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FrontArena is written with python. See Python job board at… – luc Sep 2 '09 at 6:13
The core of Front is written in C++. Python's used (extensively) to extend it. Lots of standard functionality is implemented in Python. – hbn Dec 8 '10 at 21:00

CCP Games uses a version called Stackless Python in their MMO, for both the client and server. A large part of the game is based on a market/trade simulation, and accurately tracks and reports millions of market transactions on thousands of items daily. It may sound odd, but considering how fickle and downright whiny my fellow gamers can be, the decision to use Python in that type of high availability environment should count for something.

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There's always ResolverOne.

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looks like a neat tool interesting but not particularly on point! – dartdog Sep 1 '09 at 1:23
It's a company with a product based on Python. Having a product offering based on Python seems to be mission-critical to me. – S.Lott Sep 1 '09 at 1:35
+1 from me. It is a useful answer. Check out the video with the owner of that company on MSDN Channel 9. – Brian Lyttle Sep 1 '09 at 2:14

Sungard Front Arena makes extensive use of Python in its system architecture. This is a trading floor system with quite a substantial market share in its space. And, yes, it is used extensively by investment banks.

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It's not exactly extensive proof, but this blog describes a bit of an overview of how Google is using Python.

I might argue that Google is more "mission-critical" than (almost?) any bank out there.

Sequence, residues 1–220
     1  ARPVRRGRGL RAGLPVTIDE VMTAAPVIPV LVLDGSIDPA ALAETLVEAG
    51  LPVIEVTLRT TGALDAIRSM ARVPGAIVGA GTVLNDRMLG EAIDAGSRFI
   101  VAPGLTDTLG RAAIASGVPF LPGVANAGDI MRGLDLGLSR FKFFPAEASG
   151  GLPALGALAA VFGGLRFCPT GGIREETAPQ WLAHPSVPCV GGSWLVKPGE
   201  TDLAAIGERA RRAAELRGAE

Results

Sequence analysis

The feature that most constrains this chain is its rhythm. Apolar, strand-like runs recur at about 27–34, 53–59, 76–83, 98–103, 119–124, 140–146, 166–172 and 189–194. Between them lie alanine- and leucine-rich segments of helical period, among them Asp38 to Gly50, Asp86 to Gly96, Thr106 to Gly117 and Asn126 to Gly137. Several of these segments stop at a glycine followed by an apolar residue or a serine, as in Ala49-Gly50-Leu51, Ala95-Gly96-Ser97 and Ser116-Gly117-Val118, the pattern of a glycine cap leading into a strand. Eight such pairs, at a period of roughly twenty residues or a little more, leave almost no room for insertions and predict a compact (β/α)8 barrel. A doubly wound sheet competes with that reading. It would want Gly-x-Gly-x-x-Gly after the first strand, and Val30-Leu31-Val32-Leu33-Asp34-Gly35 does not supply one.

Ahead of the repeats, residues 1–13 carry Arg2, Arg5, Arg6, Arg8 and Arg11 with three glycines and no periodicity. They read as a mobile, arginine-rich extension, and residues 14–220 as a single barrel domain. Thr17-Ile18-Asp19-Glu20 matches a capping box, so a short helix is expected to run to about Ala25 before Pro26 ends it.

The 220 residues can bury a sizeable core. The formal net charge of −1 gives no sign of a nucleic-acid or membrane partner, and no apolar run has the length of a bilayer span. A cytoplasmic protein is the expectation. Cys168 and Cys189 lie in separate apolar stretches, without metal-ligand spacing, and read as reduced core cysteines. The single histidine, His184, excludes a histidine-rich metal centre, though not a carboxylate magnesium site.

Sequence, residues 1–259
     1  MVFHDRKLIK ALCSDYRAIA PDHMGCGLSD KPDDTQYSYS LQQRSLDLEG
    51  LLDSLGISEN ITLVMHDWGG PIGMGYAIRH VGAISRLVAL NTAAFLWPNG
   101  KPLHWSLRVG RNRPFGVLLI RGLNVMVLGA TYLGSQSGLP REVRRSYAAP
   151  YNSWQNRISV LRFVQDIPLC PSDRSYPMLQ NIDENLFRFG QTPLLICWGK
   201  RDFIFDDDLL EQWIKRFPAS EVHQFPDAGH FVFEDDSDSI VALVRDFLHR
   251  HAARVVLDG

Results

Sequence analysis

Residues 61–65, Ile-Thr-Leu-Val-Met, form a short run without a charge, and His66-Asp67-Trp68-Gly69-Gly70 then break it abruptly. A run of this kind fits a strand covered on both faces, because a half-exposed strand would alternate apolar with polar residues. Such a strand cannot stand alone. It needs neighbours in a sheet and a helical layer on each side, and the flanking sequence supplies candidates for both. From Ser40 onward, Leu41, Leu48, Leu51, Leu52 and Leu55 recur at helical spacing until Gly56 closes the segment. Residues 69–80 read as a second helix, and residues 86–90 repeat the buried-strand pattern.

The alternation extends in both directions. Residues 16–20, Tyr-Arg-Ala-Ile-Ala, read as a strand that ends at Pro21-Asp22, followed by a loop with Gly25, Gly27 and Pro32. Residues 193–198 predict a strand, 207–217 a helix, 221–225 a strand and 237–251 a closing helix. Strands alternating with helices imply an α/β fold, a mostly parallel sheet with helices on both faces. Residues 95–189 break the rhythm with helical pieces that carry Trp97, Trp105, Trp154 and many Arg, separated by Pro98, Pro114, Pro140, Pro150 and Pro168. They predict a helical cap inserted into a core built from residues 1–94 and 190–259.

There's obviously plenty more resources besides that link on how Google is using Python, but if Google, the company indexing virtually the entire internet, can use Python as a core language, surely Python would meet a bank's criteria.

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"I might argue that Google is more "mission-critical" than (almost?) any bank out there." That sounds like a pretty tough argument to make. – recursive Aug 31 '09 at 17:11
Maybe "Google's use of Python is more mission-critical than any bank's"? Or perhaps -- because Google has a monopoly-like position, the whole world depends on search more than the flow of capital? – S.Lott Aug 31 '09 at 17:31
Nothing particularly bad happens if one Google search returns one incorrect link. However, in a financial world, even one incorrect result can have heavy consequences. – MaxVT Aug 31 '09 at 17:39
@MaxVT: Good argument against the 'Google is more "mission-critical" as a company' interpretation. If that's what @Mark Rushakoff really meant. – S.Lott Aug 31 '09 at 18:24
I get an error page from Google somewhat regularly, and I've heard many stories of Google accounts getting dropped without notice. I've never gotten an error from a banking computer, or heard of a bank account simply disappearing. Google might have better usability and scalability, but I'm not sure about reliability. – Ken Aug 31 '09 at 18:37

i know topic is rather old, but anyway. if we talk about mission critical. Python is widly used in Thales software provided with is hardware encryption solutions. and in PayShield application for example, which i believe really mission critical. Although Java is being used there more than Python.

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Do you have links? – Tshepang Jan 15 '12 at 15:03
Whole bunch of utilities for nShield's product line are written in python. Unfortunatelly i don't have links. – Ol_dirty Jan 25 '12 at 18:12

I'll try again.